Monday, 12 January 2015
At the end of last week the BBC was reporting that only 80.7% of patients in Accident and Emergency at the Royal Berkshire Hospital were being seen with the government bench-mark waiting time of 4 hours.
This compared to the national target of 95% and a current average in English hospitals of 86.7%.
However, the RBH is not alone in it's struggles, as A&E waits across England are at their worst level for a decade.
So what is causing this nation-wide problem?
1. Lack of staff
The government has been known for some time that A&E units are struggling to recruit and retain staff.
The College of Emergency Medicines says each unit should have 10 consultants with the largest trusts needing up to 16. But the average number stands at just over seven. There are also shortages of A&E trained nurses. Evidence is emerging of staff moving abroad.
2. The 111 Helpline
The coalition government dumped the successful NHS Direct Helpline and replaced with the more troubled 111 line which has fewer clinically trained staff advising callers. This, it is believed, has led to more A&E referrals.
3. GP access more restricted
A recent national survey said that the proportion of patients saying it was not east to get through to their GP had jumped from 18% to 24% in two years. Some GPs also advise patients to go to A&E for treatment.
As we know in Reading, there are continuing threats to sustainable GP services.
4. Cuts to social care
Hospitals are struggling to discharge patients as the councils care services have been cut and the number of older people getting help get by 29% over the last years - at a time of an ever older population many living with disabilities longer. They, too, are ending up in A&E. Two-thirds of emergency admissions are over 65 years old.
The government must not betray NHS patients or hard-working staff in the RBH A&E Department, by allowing this to continue. It's their choice.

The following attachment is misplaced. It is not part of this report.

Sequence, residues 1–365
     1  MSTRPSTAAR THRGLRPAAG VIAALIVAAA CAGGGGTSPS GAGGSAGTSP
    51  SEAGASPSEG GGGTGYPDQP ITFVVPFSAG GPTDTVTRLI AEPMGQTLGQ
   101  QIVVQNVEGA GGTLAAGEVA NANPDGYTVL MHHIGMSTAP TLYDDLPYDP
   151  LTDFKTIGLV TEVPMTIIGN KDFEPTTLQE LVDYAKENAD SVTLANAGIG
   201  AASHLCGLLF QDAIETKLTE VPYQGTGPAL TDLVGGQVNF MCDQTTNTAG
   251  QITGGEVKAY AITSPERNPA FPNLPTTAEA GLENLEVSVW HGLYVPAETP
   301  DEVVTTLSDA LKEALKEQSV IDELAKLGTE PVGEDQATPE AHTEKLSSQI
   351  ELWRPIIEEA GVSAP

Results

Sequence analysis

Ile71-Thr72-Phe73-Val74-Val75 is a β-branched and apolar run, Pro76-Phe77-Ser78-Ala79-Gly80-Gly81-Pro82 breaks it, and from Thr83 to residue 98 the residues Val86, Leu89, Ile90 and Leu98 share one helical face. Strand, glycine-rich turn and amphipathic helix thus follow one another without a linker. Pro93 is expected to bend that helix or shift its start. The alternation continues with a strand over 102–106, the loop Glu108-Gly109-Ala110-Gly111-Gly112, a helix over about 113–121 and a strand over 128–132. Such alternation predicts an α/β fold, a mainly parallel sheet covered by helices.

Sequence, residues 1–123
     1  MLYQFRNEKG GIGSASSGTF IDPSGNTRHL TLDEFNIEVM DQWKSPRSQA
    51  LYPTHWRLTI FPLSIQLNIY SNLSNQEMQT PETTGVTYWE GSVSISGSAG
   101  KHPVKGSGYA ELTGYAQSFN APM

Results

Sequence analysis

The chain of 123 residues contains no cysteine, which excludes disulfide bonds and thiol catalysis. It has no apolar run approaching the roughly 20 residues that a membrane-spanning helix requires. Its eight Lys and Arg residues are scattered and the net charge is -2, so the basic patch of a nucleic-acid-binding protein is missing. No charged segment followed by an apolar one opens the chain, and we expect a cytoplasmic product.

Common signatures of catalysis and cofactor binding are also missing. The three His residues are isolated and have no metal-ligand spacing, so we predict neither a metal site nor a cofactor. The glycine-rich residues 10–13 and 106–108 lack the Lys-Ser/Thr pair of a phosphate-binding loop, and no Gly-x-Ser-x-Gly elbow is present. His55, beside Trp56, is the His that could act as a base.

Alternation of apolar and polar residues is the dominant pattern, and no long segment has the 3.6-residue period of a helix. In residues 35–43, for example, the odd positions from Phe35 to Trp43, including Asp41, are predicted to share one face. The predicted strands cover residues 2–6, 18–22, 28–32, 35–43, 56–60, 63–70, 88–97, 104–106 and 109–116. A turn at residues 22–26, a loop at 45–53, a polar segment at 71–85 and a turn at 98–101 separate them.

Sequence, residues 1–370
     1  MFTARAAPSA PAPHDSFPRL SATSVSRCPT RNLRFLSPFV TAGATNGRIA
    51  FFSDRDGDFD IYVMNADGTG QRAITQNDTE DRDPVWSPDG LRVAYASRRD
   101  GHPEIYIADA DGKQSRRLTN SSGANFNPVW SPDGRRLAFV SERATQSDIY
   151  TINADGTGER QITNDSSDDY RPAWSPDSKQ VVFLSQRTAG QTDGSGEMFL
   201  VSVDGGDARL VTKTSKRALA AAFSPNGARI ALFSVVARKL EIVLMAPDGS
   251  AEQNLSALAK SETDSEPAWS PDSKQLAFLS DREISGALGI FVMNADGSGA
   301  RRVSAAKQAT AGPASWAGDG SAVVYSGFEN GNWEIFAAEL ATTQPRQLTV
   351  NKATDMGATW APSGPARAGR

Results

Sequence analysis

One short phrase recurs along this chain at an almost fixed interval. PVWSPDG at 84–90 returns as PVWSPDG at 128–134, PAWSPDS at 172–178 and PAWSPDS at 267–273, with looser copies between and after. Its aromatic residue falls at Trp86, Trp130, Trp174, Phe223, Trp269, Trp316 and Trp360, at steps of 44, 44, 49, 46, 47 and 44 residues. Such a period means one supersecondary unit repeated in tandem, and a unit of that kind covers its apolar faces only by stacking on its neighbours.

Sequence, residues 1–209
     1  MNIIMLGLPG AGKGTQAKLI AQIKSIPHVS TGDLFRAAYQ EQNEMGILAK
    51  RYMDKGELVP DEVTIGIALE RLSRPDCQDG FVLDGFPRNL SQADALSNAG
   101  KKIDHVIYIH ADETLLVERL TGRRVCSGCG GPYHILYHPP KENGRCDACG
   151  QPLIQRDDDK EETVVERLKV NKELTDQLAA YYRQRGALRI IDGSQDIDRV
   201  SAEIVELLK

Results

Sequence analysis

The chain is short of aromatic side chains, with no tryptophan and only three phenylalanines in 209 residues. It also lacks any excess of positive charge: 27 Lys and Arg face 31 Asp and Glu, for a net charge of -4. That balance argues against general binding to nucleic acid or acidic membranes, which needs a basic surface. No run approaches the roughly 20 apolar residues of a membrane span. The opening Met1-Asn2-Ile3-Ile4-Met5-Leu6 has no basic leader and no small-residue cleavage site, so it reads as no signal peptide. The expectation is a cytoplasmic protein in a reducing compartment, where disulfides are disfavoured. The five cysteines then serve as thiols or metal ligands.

Thursday, 1 January 2015
May I wish the people of Reading a Happy New Year!
Looking forward to 2015 I have three wishes:
Firstly, that there is a big turn-out of voters on Thursday 7 May for the next General Election. We often hear voices critical of our politicians - in my opinion sometimes fairly, sometimes not - but our democracy and freedoms are vital to what makes this country great and must not be taken for granted. In other countries we see people fight to have the right to vote and sometimes queue for hours to exercise that right, so let's reverse the falling trend and use this privilege: it does not matter who you choose to vote for, just vote!
Secondly, I hope that Reading FC can yet still fight their way through to the Championship Play-Offs and make it third time lucky by winning promotion at Wembley on 25 May. We have enjoyed our record breaking promotions of the past as well as the heartache of play-off losses - I will never forget the misery of that Bolton game in 1995 - but it is not too late for new manager Steve Clarke to put a run together which could take us all the way to that big pay day game on Bank Holiday Monday at the end of May.
Third and finally, I hope that by this time next year the number of people In Reading relying on the town's food banks to survive a very modest form of living has vastly diminished. The fact that these organisations exist at all in the 21st century in a relatively prosperous town in one of the best well off parts of one of the richest economies in the world is a stain on our society. For now please keeping giving food donations, but do what you can to eradicate their very need to be.
May the New Year also make your wishes come true too!
Mayor of Reading